By Lydia Figes
Miquel Barceló began his career as a painter, though over the last five decades his work has evolved across many media: relief-like sculptures, installation, and ceramics. Today, he is one of Spain's most important artists, and his work continually pays homage to his country's artistic lineage – Goya, Picasso, Joan Miró and Antoni Tàpies (the last two were his friends). For the first time the artist exhibits his ceramic work in the UK, at Thaddaeus Ropac's 'Ceramics' (until 19th February 2022).
Born in Mallorca during the era of Francoist Spain, Barceló followed in the footsteps of his mother who regularly painted the surrounding coastal areas of the Mediterranean island. Narrowly avoiding military service, he left his native country to travel overseas, where he developed his authentic aesthetic and richly textured paintings, sculptural reliefs and ceramics. Some of his most striking and ambitious projects include the ceiling of the Palais des Nations, the EU headquarters of the United Nations in Geneva (dubbed the 'twenty-first century's Sistine Chapel') as well as the interior of the gothic Palma Cathedral, known as 'La Seu'.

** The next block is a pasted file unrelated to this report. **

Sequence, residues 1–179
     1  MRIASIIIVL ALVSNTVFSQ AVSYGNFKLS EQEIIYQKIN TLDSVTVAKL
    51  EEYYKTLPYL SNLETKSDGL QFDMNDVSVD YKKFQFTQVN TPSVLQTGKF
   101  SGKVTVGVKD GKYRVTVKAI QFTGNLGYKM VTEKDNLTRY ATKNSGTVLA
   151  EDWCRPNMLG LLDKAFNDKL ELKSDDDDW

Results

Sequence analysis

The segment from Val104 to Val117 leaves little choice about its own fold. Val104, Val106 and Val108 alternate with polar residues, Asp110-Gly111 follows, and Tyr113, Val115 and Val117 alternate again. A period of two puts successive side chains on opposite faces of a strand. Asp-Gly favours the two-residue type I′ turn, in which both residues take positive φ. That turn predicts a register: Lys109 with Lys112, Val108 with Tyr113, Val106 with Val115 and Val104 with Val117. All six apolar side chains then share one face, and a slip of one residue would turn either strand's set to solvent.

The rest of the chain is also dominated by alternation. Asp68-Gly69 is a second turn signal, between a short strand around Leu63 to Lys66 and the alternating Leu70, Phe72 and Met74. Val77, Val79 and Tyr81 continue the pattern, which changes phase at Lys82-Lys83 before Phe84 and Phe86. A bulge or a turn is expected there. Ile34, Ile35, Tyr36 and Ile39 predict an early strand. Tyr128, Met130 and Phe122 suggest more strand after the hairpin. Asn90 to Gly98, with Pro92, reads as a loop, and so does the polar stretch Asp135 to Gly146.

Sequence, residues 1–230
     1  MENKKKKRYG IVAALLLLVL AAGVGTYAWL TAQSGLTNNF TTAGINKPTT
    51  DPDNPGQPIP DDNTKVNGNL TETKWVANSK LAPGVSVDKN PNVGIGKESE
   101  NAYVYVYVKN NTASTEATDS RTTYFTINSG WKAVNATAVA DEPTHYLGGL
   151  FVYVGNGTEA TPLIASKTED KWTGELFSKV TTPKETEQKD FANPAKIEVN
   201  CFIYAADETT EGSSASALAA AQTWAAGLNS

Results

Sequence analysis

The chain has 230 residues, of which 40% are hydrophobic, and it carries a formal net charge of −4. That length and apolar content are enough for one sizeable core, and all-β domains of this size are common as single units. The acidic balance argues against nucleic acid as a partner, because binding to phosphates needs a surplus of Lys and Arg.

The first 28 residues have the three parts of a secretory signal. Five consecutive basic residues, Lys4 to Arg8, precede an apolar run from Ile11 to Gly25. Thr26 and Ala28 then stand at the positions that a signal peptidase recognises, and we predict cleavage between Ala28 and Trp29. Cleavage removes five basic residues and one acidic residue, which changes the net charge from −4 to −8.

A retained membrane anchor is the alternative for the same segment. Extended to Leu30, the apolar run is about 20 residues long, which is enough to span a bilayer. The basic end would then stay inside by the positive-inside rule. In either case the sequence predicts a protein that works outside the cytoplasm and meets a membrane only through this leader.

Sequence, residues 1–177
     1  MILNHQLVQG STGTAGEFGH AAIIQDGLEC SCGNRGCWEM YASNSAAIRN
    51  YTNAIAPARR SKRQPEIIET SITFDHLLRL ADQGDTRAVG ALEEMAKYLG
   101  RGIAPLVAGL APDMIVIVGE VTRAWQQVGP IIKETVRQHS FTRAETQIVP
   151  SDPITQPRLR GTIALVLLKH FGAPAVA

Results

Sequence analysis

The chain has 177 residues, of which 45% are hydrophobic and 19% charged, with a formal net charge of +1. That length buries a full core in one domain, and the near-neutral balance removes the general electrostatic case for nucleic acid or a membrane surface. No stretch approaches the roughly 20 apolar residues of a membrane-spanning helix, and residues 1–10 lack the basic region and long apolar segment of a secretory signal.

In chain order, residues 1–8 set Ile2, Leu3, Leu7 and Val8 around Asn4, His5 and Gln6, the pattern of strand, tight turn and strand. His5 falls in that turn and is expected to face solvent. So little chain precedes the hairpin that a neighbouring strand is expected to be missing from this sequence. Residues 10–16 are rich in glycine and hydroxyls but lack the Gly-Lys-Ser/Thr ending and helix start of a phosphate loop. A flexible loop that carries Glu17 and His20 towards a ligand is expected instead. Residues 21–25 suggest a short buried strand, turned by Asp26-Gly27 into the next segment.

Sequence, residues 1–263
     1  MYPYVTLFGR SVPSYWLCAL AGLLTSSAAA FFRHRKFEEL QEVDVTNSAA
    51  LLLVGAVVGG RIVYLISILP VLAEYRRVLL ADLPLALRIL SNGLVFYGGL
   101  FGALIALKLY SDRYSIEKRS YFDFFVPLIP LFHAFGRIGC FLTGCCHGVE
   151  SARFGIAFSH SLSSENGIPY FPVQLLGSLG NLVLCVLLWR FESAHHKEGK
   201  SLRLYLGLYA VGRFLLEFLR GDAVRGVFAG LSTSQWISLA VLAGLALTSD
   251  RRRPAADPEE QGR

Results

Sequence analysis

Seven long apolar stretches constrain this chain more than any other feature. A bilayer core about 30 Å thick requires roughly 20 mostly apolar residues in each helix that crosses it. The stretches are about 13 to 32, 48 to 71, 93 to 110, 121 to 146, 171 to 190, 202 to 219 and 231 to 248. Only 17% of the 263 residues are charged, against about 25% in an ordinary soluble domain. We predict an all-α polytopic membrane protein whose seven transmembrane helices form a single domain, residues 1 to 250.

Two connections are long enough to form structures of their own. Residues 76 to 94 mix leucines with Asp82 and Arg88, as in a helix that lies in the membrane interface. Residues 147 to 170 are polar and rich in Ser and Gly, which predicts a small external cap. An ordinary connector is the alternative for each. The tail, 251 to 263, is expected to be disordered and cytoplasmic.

Today, he lives and works as an artist-nomad, shifting between his studios in Paris, Mallorca, and Mali, where he constantly seeks inspiration from his surrounding environments, in particular, rural or coastal areas characterised by rich wildlife.